This article originally appeared on PlanPhilly.
As rush-hour traffic grinds to a halt along Columbus Boulevard one afternoon in May, a slow flow of bicycles moves in a perpendicular direction, intermittently cutting across the road toward the AAA building at the intersection with Tasker Street. The bicyclists proceed down a beat-up street that trails past a Walmart, dumpsters, and a few shelters for stray cats before eventually opening up to a row of trees through which is revealed an unmarked pier jutting out into the Delaware River.
There’s already a crowd at Pier 60. Teenage boys are skating on rusted marine equipment. Teenage girls dangle their legs over the edge. But most of the people present are waiting for tugs on their fishing poles. The catfish they catch are thrown back into the water, mostly.
Amid Columbus Boulevard’s shopping strips, Pier 60 has long been an eclectic destination. Not exactly hidden, although not exactly in plain sight, the undeveloped oblong pier is a recreational asset for many South Philadelphians that has stood the test of time. It’s a space frequented by immigrants from Laos and Cambodia, contractors of all colors, and kids enjoying the outdoors after school lets out.
Over the years, several plans to develop the pier have not been realized. Meanwhile, other piers have been spruced up. Just a few blocks to the south lies Pier 68, once a DIY fishing space of its own and now a gleaming waterfront park with salvaged-granite benches and solar light poles. All of which makes Pier 60 special, broken glass, graffiti and all.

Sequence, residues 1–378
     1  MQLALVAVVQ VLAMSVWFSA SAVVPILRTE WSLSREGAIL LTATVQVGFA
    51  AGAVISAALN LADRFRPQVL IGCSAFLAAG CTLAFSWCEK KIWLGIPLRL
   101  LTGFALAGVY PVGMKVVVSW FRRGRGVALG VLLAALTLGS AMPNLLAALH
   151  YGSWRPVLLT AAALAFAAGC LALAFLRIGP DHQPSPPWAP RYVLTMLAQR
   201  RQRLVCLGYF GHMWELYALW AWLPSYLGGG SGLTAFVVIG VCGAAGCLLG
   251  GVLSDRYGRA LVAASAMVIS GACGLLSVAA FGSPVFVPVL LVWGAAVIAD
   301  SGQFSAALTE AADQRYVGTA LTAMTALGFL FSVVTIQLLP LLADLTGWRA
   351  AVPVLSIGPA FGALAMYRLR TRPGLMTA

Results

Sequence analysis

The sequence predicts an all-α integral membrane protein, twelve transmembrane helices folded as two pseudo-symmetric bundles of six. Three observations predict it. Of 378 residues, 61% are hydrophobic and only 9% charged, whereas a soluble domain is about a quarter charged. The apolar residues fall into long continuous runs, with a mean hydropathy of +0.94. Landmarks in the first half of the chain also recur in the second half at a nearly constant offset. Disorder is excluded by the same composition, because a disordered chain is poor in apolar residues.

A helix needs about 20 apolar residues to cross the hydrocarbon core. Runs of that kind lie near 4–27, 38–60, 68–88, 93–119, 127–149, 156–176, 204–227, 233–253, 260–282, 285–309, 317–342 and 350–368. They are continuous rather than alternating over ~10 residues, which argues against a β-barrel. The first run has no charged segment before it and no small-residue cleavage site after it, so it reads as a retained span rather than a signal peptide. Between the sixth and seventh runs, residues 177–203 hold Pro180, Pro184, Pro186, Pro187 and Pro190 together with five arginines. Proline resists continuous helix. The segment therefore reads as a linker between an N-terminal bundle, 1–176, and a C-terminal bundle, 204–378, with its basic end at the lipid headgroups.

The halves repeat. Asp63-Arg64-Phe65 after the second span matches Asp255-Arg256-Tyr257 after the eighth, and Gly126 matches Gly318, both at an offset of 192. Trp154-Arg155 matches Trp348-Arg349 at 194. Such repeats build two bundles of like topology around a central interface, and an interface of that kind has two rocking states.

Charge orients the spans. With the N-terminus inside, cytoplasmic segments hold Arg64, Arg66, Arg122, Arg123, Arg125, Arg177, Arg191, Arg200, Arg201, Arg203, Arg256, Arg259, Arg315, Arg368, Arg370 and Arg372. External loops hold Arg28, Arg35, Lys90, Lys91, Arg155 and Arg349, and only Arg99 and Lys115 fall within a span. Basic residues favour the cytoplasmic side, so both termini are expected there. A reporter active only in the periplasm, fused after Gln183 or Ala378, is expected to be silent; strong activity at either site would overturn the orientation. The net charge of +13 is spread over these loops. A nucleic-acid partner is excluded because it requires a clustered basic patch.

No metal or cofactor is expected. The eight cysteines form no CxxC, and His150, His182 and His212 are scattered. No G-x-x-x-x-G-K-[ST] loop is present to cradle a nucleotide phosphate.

“In communities where there’s such scarcity of green space, we rely on spaces like [this pier]. Somewhere for people, when they have the time, to go sit under a tree with their families, fish, or contemplate,” said Thoai Nguyen, CEO of SEAMAAC, the Southeast Asian Mutual Assistance Associations Coalition. “The impact of mindless types of activities is actually really helpful to your mental and behavioral health.”
The open space is unlikely to last much longer. A development team spearheaded by local real estate magnate Bart Blatstein seeks to build a series of commercial properties (including a Lidl supermarket) and townhouses there. (Blatstein sold half the land to US Construction, the real estate company overseeing the residential development.) Of the 214 townhouses planned, 45 will extend out onto Pier 60. Those will be single-family homes looking out over the river. The proposed residential community is being called Waterfront Boulevard, named for what would be a brand new street laid down between the homes and the water.
The other 169 townhouses will be set back 50 feet from the water, according to designs submitted to the city’s Civic Design Review Board. The plans — created by the Atrium Design Group, of Old City — call for at least some preservation of public access to the area around Pier 60, albeit access that is not conducive to fishing off the pier. Developers seek to build a “Waterfront Plaza,” with a cafe and rain gardens, that will link up with a six-mile waterfront trail in progress by the Delaware River Waterfront Corporation, the nonprofit behind Pier 68’s renovations. A representative of DRWC confirmed that it is seeking to purchase an easement from the developers to ensure that the potential bike trail is not developed.